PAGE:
Christian Small Publishers Association Gets a New Name

This month, Christian Small Publishers Association (CSPA) celebrates its 15th anniversary and embraces a new name. The organization has changed its name to better reflect the current publishing landscape and the authors and publishers it serves. The association is now known as Christian Indie Publishing Association (CIPA).

Over the past 15 years, the publishing industry has undergone tremendous changes. According to R.R. Bowker, the official U.S. ISBN agency, the number of independently published books has grown by 156% over the past six years. Since CSPA’s membership is comprised of both small publishers and independently published authors, the name change was instituted to better reflect who is being served.

The mission and focus of the organization stays the same: To provide information, tools and resources to strengthen small publishers and independent authors, and to continue to represent this group to the larger Christian book industry.

Christian Indie Publishing Association (CIPA) offers the same great benefits as CSPA, with new benefits being added for 2019. Membership benefits include:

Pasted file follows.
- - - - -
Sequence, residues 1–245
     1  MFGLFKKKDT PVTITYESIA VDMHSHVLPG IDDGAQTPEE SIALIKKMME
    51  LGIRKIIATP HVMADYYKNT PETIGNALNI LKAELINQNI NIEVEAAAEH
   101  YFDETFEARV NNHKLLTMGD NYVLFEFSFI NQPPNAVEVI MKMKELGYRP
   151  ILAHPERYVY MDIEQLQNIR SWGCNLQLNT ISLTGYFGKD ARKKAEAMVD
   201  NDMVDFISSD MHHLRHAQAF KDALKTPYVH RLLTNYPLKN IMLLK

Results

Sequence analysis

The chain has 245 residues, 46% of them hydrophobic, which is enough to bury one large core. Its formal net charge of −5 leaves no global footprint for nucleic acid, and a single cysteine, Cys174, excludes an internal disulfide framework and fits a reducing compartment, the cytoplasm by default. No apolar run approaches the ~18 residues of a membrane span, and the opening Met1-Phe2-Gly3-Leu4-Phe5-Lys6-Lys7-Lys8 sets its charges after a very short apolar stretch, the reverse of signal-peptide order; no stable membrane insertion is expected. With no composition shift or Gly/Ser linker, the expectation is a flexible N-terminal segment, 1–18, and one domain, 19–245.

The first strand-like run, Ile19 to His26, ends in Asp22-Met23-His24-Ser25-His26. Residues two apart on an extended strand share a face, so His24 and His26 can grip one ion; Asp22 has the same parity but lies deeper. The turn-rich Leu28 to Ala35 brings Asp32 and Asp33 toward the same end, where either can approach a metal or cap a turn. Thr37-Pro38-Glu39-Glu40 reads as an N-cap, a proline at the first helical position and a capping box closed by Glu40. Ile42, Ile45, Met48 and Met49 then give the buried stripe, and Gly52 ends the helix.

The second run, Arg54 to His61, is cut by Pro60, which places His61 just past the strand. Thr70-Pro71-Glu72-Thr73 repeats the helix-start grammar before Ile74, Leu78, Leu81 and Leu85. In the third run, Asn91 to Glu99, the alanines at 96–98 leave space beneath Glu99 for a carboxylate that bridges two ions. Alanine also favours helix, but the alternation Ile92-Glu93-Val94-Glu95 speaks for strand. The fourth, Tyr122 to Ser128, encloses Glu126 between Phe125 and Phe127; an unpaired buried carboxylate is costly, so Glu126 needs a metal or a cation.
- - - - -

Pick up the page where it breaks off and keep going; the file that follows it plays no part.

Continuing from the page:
• A monthly e-newsletter packed with marketing tips and industry updates.
  • Cooperative advertising opportunities including a print catalog, magazine ads, and eblasts.
  • Quick reference guides and on-demand seminars on publishing and marketing.
  • List of radio and podcast media actively interviewing authors.
  • Book Launch Marketing Checklist.
  • Tradeshow representation.
  • A book review program.
  • Free title setup and revisions with IngramSpark.
  • Free title setup with Lightning Source.
  • Discount when ordering ISBN.
  • Discount on Publishers Weekly subscription.

Membership in Christian Indie Publishing Association (CIPA) is just $90 for the calendar year. You can join today at www.christianpublishers.net.

Christian Indie Publishing Association (CIPA) will continue to sponsor the Christian Indie Awards for Christian books by small publishers and independent authors. Voting for the 2019 Awards opens February 1, 2019. Watch for the announcement.

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Are You Too Busy?

Americans are busy. We wear our busyness as a badge of honor. One study found that we Americans associate “busyness” with high social status.

So, busyness looks good. But is busyness really good for us?